The Lunatic Express

I was at the bookstore a couple of weeks ago, and of course, I made a beeline for the travel section, flipping through guidebooks of exotic and far away places.  After spending much longer than anticipated browsing,  I turned to leave, and unexpectedly, was caught by…

The Lunatic Express.


Discovering the World via It’s Most Dangerous, Buses, Boats, Trains, and Planes.

Really?! Who would do that? There’s an adventure.  Sold.

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The Lunatic Express, written by Carl Hoffman, chronicles his adventure of over 159 days of traveling the globe via the world’s most unsafe conveyances.  When his life doesn’t seem to fit anymore, he determines the best solution is a long journey.  Instead of relaxing on a white sandy beach sipping a cocktail, he plans a different trip.  He steps right into the middle of the mess of travel and experiences it as most of the world must, not as a holiday, but as an unavoidable necessity.  He choosingly boards airlines notorious for crashes, ferries that have a reputation for killing hundreds, trains that are so crowded, you cannot stand comfortably, and buses that careen off of mountain roads.

Who would do that? Who would want to? That’s simply crazy.  And I am fascinated.  Fascinated by the story of what he sees, what he must sacrifice, and what he learns.

My copy of the book becomes a mini notepad.  I scribble notes in the margins, destinations I want to see, experiences I want to have.  Ideas that this book brings to the surface of my own mind.  I underline sentences and paragraphs, so beautifully and honestly written.  I love the adventure. I love reading about the people Carl meets.  His writing, descriptive and easy to follow, makes me feel like I am part of the experiences, minus the discomfort, as I read, from the warm beaches of Hawaii.  I love that books take me from one reality to another, just by the flip of a page.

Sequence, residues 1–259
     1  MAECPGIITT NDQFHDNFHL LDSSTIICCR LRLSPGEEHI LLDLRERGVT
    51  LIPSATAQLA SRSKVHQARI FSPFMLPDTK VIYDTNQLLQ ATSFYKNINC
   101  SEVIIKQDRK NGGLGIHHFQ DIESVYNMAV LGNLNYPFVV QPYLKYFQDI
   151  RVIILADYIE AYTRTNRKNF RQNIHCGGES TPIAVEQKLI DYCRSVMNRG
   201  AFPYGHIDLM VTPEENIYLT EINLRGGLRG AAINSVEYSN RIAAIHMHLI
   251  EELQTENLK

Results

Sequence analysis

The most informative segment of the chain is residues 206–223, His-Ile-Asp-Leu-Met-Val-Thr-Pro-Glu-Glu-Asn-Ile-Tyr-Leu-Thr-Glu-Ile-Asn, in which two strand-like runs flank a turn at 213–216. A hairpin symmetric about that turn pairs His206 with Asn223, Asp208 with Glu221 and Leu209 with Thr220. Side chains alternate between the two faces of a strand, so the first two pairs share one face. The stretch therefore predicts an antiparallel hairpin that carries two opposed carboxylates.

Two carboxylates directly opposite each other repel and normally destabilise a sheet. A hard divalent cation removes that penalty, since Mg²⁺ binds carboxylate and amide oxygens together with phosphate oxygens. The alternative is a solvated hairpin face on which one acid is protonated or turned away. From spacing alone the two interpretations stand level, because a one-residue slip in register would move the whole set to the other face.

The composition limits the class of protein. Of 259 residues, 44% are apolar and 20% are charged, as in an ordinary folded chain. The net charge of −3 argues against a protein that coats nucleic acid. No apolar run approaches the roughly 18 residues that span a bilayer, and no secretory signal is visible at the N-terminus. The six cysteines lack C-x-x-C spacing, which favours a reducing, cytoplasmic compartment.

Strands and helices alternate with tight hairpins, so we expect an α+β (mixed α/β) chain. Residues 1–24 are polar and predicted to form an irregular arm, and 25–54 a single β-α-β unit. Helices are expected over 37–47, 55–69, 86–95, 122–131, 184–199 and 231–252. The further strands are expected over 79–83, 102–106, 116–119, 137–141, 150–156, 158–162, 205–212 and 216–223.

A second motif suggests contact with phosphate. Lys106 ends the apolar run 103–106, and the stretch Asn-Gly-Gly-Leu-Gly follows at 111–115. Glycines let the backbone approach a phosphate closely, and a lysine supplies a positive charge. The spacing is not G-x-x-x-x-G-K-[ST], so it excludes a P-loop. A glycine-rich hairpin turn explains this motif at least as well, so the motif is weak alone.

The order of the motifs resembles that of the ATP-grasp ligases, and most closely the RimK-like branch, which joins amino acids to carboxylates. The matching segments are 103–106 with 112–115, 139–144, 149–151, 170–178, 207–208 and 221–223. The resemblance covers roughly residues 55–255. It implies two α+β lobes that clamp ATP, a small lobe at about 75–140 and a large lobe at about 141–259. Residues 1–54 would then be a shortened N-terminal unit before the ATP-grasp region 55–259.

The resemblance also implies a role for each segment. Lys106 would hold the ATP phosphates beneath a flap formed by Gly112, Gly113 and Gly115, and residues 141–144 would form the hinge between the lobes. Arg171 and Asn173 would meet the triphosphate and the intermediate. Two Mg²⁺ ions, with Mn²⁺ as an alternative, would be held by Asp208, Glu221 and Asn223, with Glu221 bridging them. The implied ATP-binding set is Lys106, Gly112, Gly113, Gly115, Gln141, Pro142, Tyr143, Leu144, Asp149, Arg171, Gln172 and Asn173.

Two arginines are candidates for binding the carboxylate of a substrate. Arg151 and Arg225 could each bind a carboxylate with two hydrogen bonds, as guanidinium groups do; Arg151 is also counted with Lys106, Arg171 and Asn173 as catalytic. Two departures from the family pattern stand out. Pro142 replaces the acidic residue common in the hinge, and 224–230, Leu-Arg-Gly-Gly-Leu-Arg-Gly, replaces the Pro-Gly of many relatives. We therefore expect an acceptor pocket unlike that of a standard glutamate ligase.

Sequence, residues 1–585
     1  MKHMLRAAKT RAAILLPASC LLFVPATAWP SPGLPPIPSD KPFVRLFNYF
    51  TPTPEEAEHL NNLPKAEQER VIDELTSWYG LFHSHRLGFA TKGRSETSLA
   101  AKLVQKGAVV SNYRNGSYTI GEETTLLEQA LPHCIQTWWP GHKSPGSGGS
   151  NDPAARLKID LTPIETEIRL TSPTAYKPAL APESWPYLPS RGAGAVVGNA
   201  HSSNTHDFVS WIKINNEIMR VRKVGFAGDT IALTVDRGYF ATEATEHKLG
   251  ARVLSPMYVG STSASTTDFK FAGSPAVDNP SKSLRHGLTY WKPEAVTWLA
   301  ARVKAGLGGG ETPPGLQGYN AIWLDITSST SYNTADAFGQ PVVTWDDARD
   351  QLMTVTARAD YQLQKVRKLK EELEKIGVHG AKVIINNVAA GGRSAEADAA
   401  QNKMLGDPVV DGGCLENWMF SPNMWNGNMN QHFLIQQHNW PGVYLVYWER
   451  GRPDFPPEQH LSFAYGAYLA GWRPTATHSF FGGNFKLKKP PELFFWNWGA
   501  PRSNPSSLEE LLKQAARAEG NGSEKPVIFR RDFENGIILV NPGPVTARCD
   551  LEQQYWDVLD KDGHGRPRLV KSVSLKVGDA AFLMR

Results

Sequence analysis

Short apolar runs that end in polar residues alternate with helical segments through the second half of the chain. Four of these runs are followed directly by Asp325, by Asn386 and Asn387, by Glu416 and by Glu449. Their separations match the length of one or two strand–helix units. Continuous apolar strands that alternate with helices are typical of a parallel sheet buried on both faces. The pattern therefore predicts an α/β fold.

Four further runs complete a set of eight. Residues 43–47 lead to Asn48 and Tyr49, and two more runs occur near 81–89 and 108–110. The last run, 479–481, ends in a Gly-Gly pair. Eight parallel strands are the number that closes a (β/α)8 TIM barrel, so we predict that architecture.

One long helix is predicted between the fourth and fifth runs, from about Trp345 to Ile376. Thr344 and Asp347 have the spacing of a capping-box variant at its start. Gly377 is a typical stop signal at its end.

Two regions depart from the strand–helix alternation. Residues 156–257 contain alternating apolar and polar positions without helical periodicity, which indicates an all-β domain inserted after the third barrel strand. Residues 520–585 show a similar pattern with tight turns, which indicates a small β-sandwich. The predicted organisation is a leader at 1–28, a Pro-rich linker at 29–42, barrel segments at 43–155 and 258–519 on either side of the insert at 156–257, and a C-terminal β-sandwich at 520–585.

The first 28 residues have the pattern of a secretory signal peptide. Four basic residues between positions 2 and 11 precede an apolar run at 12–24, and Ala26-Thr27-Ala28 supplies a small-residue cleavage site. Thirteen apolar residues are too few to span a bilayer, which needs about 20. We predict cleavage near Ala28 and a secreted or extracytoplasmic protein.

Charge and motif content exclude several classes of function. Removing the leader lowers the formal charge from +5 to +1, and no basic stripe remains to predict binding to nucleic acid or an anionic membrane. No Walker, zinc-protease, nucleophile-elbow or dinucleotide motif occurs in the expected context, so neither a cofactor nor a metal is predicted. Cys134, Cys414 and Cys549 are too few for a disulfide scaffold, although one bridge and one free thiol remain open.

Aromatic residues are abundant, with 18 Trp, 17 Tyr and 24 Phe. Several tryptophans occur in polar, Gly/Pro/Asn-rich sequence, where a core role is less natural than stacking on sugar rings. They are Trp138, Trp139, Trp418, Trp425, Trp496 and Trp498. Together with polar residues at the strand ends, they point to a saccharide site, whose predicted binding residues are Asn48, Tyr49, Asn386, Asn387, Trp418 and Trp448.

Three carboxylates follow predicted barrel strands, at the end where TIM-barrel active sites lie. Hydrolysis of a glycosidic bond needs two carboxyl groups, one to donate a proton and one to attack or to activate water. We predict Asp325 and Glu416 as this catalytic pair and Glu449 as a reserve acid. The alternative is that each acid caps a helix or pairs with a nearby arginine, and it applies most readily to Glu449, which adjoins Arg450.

In The Lunatic Express, Carl realizes the sacrifices he’s made in his life, maybe choosing adventure too often over family.  I animatedly talk with one of my friends about the book, and he doesn’t understand.  How can someone just leave their family and put themselves in danger?   I don’t know if I understand, but there is something that happens when travel reaches your soul.  Exploring becomes better than staying.

On his journey, Hoffman realizes that he has been wanting to live two lives, and has tried:  a home, family life, and the life of a vagabond travel writer.  He finally understands that he can’t completely have both, and that sacrifices are always made.  Carl’s adventures make me question my own adventures.  Am I sacrificing deep and longterm relationships for destinations and chance encounters.  A Facebook repertoire that grows and grows, and dinner invites that become less and less.  Ten years from now, will I wake up and realize, “Geez… I don’t have 2.5 kids, a white picket fence, and a cocker spaniel.” Will I be ok with that?

The last two months of travel and moving and then reading this book, have also given me a sense of clarity.  I don’t want to be a pilot.  I only wanted to be a pilot so that I could travel more.  I will never be happy tied to a desk, with two-weeks of vacation a year.  I need to be free.  There was once a time when I thought I’d be married by 25. Once a time I thought I’d be miserable as a flight attendant.  And how far from the truth those two thoughts are now.  Life is so full of possibilities, possibilities that I never knew would exist, or knew that I would want to exist, in my life, a short 4 years ago.  My experiences since “The Flight Attendant Life” have begun, have gifted me with new dreams of travel writing and tortilla marketing, so that working for Nike in advertising seems so far from my dream job.  I am creating a new dream.